The Collapse of the Golden Globes

The Golden Globe Awards, an American awards ceremony that bestows honors in film and television, took a harsh fall from grace this year as several issues spanning from racial inequality to bribery destroyed the prestigious reputation it had built since its establishment over 78 years ago. Due to the controversy, NBC dropped the award ceremony, and instead of the regular yearly broadcast, awards were announced to the public via Twitter. 

The Hollywood Foreign Press Association (HFPA) is a nonprofit organization of journalists and photographers who report on the entertainment industry and select the award winners of the Golden Globes. In an article published in  February 2021 by The Los Angeles Times, reporter Josh Rottenberg airsed the dirty laundry of the HFPA, exposing its racist practices. Rottenberg revealed that the organization has not had a Black member since 1987, despite the 90 ethnically and nationally diverse members. At the time of the exposé release, the HFPA claimed to prioritize addressing this issue, but it wasn’t until the publication of the article that the association sought out new members. In an email to all members of the association in April 2021, former HFPA president Phil Berk referred to the Black Lives Matter movement as “a racist hate movement.”  Mr. Berk was subsequently removed from his presidency two days later, but the matter further distressed many viewers of the award ceremony and questioned the ethics of the group.  

The HFPA was also under fire for bribery and fraud allegations regarding the purchasing of members’ votes. The article reports that many films and TV shows, including Paramount’s “Emily in Paris,”  bribed members in order to receive awards. The network treated 30 HFPA members to an all-expense paid trip to Paris, where they stayed two nights in a five-star hotel and enjoyed numerous other privileges. Ultimately, “Emily in Paris”  got nominated for best comedy over a more critically acclaimed black-led comedy, “I May Destroy You,” This development has raised eyebrows among many critics and fans. 

 Additionally, the HFPA faced two separate lawsuits over the past years over claims of corruption within the organization. In a lawsuit filed in 2011 by former publicist Michael Russell, Russell claimed that members were easily swayed towards voting for nominees over bribes such as money deposits, gifts, and vacations from producers or studios. In August 2020, Kjersti Flaa, a Norwegian journalist, sued the HFPA after being denied membership twice despite sufficient credentials. Although the suit was dismissed, it exposed the  association’s culture of corruption within the application process and sparked the investigation by the LA Times.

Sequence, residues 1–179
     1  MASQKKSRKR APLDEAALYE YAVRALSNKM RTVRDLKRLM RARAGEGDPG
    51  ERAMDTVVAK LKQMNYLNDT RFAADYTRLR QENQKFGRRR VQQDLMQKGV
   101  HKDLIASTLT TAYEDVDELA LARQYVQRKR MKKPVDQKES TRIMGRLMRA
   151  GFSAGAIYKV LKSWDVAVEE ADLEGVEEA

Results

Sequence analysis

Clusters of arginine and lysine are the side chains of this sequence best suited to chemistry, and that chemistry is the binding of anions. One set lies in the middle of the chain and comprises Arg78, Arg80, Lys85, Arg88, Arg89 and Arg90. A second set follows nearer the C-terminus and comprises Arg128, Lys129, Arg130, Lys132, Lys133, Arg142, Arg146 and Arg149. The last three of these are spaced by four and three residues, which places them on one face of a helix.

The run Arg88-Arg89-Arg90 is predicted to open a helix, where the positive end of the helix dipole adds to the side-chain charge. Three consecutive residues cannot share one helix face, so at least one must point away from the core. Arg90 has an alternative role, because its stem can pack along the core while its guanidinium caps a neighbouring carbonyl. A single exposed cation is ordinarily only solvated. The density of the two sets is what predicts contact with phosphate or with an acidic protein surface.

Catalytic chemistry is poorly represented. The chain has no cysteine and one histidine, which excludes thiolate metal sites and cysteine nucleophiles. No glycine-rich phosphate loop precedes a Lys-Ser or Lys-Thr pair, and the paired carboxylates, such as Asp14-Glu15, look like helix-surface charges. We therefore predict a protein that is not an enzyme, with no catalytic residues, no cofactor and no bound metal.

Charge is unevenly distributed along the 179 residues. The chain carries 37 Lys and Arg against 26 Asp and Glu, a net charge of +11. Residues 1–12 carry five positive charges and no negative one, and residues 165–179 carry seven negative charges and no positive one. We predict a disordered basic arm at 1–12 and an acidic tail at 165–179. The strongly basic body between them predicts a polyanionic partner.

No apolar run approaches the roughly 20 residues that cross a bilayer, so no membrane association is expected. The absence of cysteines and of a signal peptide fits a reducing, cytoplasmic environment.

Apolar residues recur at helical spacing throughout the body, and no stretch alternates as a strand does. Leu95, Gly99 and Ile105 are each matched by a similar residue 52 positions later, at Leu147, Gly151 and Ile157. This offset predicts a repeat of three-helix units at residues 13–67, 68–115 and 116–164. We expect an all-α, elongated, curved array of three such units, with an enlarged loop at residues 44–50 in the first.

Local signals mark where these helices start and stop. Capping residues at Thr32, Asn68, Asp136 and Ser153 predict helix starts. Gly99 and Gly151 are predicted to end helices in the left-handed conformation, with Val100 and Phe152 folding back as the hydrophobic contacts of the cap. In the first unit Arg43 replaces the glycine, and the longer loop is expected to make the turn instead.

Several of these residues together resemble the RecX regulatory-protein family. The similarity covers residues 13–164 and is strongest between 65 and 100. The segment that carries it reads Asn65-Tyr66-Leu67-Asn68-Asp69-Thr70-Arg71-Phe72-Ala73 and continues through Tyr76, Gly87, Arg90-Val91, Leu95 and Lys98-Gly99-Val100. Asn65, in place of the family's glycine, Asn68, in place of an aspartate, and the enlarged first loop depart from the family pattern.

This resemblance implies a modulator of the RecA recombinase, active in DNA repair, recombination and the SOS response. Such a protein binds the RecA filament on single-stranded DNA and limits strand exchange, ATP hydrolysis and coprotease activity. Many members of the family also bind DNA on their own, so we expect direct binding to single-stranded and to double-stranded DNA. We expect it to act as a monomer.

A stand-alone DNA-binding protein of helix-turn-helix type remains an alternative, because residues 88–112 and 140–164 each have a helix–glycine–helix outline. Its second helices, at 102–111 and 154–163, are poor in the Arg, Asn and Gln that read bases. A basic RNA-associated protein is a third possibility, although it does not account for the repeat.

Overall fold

Due to the ongoing controversies, multiple networks and online streaming platforms such as Warner Bros., Netflix, HBO, and Amazon Studios have all publicly dissociated themselves from the HFPA, refusing to collaborate with the organization until real change is implemented. Many actors have gone so far as to returning their Golden Globe awards, including Tom Cruise. After recounting the many press conferences where HFPA board members asked questions described as sexist and unnecessarily intrusive, American actress Scarlett Johansson said in a statement to The Guardian, “Unless there is necessary fundamental reform within the organization, I believe it is time that we take a step back from the HFPA and focus on the importance and strength of unity within our unions and the industry as a whole.” 

Harry Morelli ’23, a co-head of the Film Club, commented, “It’s sad to see the Golden Globes at such a rock bottom because I have looked forward to watching it every year. The awards and nominations are a sneak preview of how the Oscars will be, and how the HFPA has reacted to the films and movies of the past year.  However, if the HFPA fails to change its attitude and if they don’t hire more people of color into their organization, I can definitely see the Golden Globes dying out in the next decade or so.”

Since the release of the LA Times’ exposé, the HFPA has collaborated with several organizations including the National Association for the Advancement of Colored People (NAACP) to make further changes. While the HFPA has begun to make considerable progress towards becoming a more socially conscious organization, some continue to wonder if the reform is only an aftermath of the exposé and a means to enter the public’s good graces once again.